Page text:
When discussing the recovery of debts with clients, we’re often asked “which is a better course of action – statutory demand or issue proceedings through the County Court?” Richard Anderson, Head of Debt Recovery, considers the ups and downsides of both options.
A statutory demand is a low cost option and it’s quick as there is no delay or costs associated with going to court. It’s effective in concentrating the debtor’s mind as if no payment has been received after 21 days, or the debtor has not made an application to set the demand aside, you can proceed to issue a petition at court to obtain a bankruptcy order against that debtor.
Understandably, companies do not typically wish to be wound up and individuals tend not to wish to be made bankrupt. The strategy is to instil sufficient pressure upon the debtor so they will pay to avoid any further action being taken.
However, a statutory demand cannot be used in all circumstances. It cannot be used for:
- Debts of less than £750
- Debts which are in dispute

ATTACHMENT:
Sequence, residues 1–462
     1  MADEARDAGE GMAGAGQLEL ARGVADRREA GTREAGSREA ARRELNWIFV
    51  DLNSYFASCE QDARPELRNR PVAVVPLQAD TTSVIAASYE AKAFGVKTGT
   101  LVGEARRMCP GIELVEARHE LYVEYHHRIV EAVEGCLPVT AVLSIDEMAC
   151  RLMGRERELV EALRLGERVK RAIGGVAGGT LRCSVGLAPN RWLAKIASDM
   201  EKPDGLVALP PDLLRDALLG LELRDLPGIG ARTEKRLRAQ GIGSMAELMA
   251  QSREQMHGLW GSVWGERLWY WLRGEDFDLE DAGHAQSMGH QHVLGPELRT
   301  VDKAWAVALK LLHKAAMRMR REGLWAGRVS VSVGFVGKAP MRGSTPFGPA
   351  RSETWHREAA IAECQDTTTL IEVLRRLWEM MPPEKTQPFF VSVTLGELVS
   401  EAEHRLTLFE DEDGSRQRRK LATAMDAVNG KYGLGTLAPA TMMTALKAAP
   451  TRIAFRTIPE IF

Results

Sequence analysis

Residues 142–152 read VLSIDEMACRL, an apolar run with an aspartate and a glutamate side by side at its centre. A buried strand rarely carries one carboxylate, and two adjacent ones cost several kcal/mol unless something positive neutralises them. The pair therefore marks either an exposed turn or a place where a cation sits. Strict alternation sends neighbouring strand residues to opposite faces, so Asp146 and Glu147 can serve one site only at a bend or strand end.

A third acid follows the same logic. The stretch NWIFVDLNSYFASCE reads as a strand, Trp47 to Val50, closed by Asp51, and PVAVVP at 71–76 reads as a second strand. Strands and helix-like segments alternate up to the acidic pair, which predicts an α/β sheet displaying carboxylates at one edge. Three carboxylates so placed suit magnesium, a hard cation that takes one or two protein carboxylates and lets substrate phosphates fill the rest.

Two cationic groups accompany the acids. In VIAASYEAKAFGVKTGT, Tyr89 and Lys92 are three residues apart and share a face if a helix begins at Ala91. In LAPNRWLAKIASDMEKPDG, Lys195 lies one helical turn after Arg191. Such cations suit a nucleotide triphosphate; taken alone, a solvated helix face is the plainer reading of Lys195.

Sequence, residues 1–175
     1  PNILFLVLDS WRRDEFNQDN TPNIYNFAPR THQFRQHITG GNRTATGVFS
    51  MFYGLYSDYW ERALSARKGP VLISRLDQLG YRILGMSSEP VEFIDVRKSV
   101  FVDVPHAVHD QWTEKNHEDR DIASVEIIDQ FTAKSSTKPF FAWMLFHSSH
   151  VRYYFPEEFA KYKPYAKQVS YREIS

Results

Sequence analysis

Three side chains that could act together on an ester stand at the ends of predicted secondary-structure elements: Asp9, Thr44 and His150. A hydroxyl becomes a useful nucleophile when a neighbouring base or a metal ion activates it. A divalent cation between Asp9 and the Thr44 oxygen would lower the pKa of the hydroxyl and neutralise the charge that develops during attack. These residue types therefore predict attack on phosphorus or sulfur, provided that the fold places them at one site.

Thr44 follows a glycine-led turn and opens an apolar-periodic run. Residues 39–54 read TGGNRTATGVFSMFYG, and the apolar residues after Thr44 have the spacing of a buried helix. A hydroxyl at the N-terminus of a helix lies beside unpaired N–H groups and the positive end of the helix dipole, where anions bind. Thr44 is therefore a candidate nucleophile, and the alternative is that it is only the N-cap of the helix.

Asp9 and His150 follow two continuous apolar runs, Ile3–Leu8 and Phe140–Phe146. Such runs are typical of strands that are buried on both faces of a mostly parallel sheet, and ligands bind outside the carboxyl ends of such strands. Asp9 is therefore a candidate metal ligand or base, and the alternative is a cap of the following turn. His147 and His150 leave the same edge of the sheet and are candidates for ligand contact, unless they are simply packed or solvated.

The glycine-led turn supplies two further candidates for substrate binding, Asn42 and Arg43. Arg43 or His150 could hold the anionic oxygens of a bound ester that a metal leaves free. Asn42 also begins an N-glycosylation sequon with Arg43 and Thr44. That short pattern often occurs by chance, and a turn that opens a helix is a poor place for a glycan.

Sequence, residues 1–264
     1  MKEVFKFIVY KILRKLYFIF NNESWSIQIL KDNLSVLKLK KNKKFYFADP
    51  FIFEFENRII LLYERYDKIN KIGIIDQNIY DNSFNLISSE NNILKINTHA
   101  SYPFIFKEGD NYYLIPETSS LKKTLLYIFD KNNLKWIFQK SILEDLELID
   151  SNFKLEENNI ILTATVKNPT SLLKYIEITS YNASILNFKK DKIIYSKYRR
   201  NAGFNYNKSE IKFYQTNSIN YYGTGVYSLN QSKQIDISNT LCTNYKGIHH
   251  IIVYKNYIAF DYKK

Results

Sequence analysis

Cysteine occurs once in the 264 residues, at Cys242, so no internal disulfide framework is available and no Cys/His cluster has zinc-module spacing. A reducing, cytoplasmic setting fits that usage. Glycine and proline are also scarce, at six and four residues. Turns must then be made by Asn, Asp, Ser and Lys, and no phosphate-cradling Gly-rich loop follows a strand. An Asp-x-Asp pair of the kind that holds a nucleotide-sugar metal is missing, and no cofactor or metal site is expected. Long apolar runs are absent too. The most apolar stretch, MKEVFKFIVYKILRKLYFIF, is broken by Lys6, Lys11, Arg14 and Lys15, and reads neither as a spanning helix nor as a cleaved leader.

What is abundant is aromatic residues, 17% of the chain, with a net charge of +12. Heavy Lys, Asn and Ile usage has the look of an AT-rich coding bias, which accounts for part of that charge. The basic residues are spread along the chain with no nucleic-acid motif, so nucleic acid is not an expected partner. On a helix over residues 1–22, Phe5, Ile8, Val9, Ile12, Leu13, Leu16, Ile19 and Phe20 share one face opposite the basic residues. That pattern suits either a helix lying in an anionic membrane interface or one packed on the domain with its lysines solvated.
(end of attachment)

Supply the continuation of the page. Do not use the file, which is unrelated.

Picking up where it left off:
However from the 1 October 2015 the minimum level of debt to trigger “bankruptcy” will rise from £750 to £5000 for individuals only. So businesses and creditors need to consider debtor’s lists well in advance of 1 October 2015 deadline and begin procedures to recover overdue debt and to take advantage of the current rules.
Where it a statutory demand is not appropriate, the alternative is to issue court proceedings.
Much more debt will fall outside the scope of bankruptcy proceedings which means that court proceedings will have to be issued to secure judgment and thereafter to take enforcement proceedings.
A claim for payment of the debt and court expenses should be issued, and served upon the debtor, by the court. This can be done through the money claims on-line system (MCOL) subject to the level of debt up to a maximum of £99,999-00.
The receipt of court issued proceedings usually prompts the debtor into realising they can’t ignore the debt and they contact you to pay you in full or to negotiate a deal.
If the debtor defends or disputes the claim then you should seek professional advice as you may then be able to issue an application for summary judgment (i.e. the defendant does not have any real prospect of successfully defending the claim).
If the debtor does not defend or dispute the claim then you can proceed with enforcement. There are many enforcement options open to you, for example, you can instruct the High Court Enforcement officer to seize the debtor’s assets or proceed with a charging order over the debtor’s property.
Any outstanding debt should be assessed on its own merits, whether against an individual or against a company, particularly where it is disputed.
For a no-obligation discussion regarding the best route to pursue a particular debt please contact Richard Anderson on 01782 205000 or email@example.com